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jpcap network packet capture library Logging in NetBeans using slf4j It's probably not necessary to start this article with a mini-lecture on why logging, like unit-testing, is a Good Thing, so all I will say is logging is important not only during development but also invaluable in diagnosing runtime problems, once a solution is delivered and running. From here on I'm going to assume you're convinced. So, you know you should be logging, but how? And which of the many logging frameworks should you use? This article sets out to answer the first question, showing you how to get started logging in Java, using the NetBeans IDE, and offers an opinion on the answer to the second question. There are several well-established ways to do logging in Java but the best approach I have come across so far is to use slf4j (the Simple Logging Facade for Java) for all logging statements in source code. Splitting the logging job into two in this way means you need two references in your Java project, in order to use slf4j: Download slf4j and logback. Logging Statements

Network Packet Capture Facility for Java | Free software downloads Logback Manual The complete logback manual documents the latest version of logback framework. In over 150 pages and dozens of concrete examples, it covers both basic and advanced logback features, including: the overall logback architecture discussion of best logback practices and anti-patterns logback configuration scripts in XML format appenders encoders layouts filters mapped diagnostic contexts Joran, logback's configuration system The logback manual describes the logback API in considerable detail, including its features and design rationale. Authored by Ceki Gülcü and Sébastien Pennec, the main contributors to the logback project, the logback manual is intended for developers already familiar with the Java language but new to logback, as much as for experienced logback users. With the aid of introductory material and many examples, new users should quickly come up to speed.

kaitoy/pcap4j Commons Logging The Logging Component When writing a library it is very useful to log information. However there are many logging implementations out there, and a library cannot impose the use of a particular one on the overall application that the library is a part of. The Logging package is an ultra-thin bridge between different logging implementations. A library that uses the commons-logging API can be used with any logging implementation at runtime. Applications (rather than libraries) may also choose to use commons-logging. Note that commons-logging does not attempt to initialise or terminate the underlying logging implementation that is used at runtime; that is the responsibility of the application. Documentation The Release Notes document the new features and bug fixes that have been included in the latest release. The JavaDoc API documents for the latest release are available online. The Wiki site has the latest updates, an FAQ and much other useful information. Releases 1.1.3 Release - May 2013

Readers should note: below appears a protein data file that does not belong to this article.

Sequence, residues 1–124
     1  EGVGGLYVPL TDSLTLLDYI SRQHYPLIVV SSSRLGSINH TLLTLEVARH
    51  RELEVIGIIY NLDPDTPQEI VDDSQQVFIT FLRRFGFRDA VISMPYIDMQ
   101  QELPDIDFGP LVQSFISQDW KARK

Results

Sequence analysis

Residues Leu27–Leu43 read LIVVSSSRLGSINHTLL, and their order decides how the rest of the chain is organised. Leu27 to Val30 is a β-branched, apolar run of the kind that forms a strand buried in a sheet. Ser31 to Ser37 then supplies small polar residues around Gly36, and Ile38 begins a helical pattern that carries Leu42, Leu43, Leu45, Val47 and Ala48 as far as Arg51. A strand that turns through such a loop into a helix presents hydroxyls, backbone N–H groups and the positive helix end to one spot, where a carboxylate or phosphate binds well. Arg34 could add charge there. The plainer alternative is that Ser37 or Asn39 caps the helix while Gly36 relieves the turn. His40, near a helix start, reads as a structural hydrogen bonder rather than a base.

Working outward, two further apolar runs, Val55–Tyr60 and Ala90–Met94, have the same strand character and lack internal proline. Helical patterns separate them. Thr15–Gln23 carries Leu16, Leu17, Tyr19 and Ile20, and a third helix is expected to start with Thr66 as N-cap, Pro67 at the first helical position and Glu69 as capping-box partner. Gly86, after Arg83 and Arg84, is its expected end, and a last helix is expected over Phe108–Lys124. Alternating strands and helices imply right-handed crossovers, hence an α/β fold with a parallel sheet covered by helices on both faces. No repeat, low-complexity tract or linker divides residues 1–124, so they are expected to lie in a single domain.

Retrieve Oracle version information This Oracle tutorial explains how to find the Oracle version information with syntax and examples. Description You can check the Oracle version by running a query from the command prompt. The version information is stored in a table called v$version. In this table you can find the version information for Oracle, PL/SQL, etc. Syntax The syntax to retrieve the Oracle version information is: SELECT * FROM v$version; SELECT * FROM v$version WHERE banner LIKE 'Oracle%'; Parameters or Arguments There are no parameters or arguments. Example Let's look at some of examples of how to retrieve version information from Oracle. All Version Information To retrieve all version information from Oracle, you could execute the following SQL statement: This query would output something like this: Oracle Version Only If you only wanted the Oracle version information, you execute the following SQL statement: It should return something like this: